“Vengeance is Clear” begins with a double bass drum beat and insane riff. D’Amond really shines in this one as the guitars gallop along with each other fluidly. “Do or die, vengeance is clear!” It is impossible to sit still as the beat changes a little over halfway through. I dare you to attempt to not strain your neck muscles through this entire banger. I felt a 90’s head-nod with this track, almost a homage to Dez’s past music. I will be very curious to hear his meaning behind this one.
Track three, “Nest of Vipers” was written by Fafara and Tiemann, which Fafara states is the one and only times he has co-written a song with a band member. He states this song is about how money can control loyalty in men and women. It starts with a mellow guitar strum and almost spacey sound. Then hammers into a louder version of the same guitar riff. The gallops in the riffs are some of my favorites on the album. They are ever changing yet extremely catchy. The juts and heavy guitar work makes it a killer track. Listen to the solos in the background. I feel this needs to be mentioned, because the guitar work, this whole song is extraordinary.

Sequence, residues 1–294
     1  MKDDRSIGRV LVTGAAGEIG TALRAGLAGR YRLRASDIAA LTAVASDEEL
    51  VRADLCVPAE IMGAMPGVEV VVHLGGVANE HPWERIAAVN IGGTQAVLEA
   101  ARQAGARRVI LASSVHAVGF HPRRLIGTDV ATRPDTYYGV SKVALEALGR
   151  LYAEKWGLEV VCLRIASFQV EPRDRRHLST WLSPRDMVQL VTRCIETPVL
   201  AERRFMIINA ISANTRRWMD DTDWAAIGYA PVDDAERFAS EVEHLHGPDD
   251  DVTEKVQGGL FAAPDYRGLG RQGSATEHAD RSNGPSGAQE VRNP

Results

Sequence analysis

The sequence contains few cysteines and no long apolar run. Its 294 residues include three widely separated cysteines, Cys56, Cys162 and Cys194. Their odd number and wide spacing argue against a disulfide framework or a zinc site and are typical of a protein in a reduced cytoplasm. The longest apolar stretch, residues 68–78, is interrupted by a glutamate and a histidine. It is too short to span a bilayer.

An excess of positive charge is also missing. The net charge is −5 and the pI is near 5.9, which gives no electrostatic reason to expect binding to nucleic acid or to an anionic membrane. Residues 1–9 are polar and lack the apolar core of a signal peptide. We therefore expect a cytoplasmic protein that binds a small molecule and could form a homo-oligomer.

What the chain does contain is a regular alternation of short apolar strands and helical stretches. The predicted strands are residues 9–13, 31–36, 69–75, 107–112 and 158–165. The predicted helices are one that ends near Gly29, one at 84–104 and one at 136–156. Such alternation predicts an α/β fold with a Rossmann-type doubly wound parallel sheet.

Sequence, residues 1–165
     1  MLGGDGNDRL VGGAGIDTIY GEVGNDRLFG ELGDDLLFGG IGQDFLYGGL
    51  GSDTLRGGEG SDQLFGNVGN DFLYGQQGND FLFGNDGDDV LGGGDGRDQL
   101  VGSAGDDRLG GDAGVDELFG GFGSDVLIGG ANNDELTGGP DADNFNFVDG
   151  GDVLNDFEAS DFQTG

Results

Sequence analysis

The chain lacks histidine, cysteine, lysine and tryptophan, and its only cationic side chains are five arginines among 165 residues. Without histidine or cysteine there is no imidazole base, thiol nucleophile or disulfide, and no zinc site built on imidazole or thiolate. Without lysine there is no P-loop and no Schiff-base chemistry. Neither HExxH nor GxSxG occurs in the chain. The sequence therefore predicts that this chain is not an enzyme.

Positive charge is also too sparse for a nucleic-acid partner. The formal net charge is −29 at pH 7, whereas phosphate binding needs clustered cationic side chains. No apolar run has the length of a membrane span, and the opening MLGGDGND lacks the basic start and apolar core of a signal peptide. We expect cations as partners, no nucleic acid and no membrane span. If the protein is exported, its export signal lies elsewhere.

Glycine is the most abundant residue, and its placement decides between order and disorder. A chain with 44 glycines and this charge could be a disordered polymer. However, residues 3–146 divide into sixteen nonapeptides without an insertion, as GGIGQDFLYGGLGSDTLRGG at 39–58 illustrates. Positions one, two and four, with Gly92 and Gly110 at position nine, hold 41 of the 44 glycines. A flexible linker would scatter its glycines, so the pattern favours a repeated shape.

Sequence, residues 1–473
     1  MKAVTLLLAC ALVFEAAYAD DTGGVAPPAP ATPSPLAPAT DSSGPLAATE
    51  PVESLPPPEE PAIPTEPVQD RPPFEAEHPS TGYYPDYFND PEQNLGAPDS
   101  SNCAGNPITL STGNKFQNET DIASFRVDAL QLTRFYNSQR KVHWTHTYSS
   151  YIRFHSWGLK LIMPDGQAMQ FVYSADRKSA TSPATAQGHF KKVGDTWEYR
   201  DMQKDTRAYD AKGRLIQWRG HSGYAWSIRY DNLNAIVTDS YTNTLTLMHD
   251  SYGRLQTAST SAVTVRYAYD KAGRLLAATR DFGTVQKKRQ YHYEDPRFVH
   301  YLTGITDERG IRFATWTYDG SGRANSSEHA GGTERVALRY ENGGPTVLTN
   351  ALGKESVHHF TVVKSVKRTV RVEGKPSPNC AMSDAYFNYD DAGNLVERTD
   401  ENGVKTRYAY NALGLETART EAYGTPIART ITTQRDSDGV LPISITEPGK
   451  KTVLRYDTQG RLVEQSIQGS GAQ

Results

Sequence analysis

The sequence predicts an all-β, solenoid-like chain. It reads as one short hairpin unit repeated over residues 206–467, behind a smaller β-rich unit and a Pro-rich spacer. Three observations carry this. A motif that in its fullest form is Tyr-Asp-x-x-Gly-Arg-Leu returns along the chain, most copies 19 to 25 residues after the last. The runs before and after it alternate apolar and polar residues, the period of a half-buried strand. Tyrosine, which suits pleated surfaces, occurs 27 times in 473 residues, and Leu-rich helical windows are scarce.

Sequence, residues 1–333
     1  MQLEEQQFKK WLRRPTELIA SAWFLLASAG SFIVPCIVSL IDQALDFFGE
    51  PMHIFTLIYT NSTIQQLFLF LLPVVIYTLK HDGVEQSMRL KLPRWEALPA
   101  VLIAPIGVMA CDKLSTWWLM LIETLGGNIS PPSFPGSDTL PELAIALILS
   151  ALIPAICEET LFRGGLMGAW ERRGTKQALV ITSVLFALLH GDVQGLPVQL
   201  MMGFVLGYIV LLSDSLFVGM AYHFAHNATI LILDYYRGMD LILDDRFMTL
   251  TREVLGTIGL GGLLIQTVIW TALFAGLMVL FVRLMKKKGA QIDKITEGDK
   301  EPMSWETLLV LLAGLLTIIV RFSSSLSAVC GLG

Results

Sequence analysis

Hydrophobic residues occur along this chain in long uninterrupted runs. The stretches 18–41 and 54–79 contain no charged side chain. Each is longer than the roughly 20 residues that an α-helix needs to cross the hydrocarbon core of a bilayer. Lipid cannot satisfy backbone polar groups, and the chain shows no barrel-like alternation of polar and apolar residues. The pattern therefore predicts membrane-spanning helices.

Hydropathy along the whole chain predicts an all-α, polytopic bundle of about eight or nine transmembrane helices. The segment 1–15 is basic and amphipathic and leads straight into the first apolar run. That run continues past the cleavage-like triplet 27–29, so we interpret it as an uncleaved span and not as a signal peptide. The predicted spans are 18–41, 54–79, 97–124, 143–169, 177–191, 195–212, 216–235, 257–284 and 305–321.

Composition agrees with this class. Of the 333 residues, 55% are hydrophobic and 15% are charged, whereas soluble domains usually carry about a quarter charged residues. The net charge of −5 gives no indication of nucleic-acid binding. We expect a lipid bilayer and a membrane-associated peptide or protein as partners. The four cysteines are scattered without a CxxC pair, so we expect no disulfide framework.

“Iona”, was the second song released. Dez states this song is about a ghost story of a woman named Iona, but this song represents society’s obsession with death. He is questioning why people are extremely interested in death like movies and TV shows, i.e. Texas Chainsaw Massacre etc. Musically, it begins almost sinister in tone with a harrowing guitar sound and builds into a heavier instrumental soundscape as Dez screams his vocals like only Dez can.
“Wishing”, is 100% my favorite song on this album and has been recently released for all to hear. This is the first time Dez does clean vocals with DevilDriver. The feel of this one digs so deep, I can listen to it over and over and lose myself completely. The lyrics are existential and make you really think. “And if you take my hand from that very lost place, I will lead you through darkness to that very safe space.” We all need that safe space right now, and DevilDriver is leading us through this album, as uncomfortable as it may be to face those demons. This entire record is nearly perfect and this song tips it to one of the best songs DevilDriver has put out thus far, and that says a lot since they are no sleepers. The guitar solo drives the metaphorical dagger in deeper.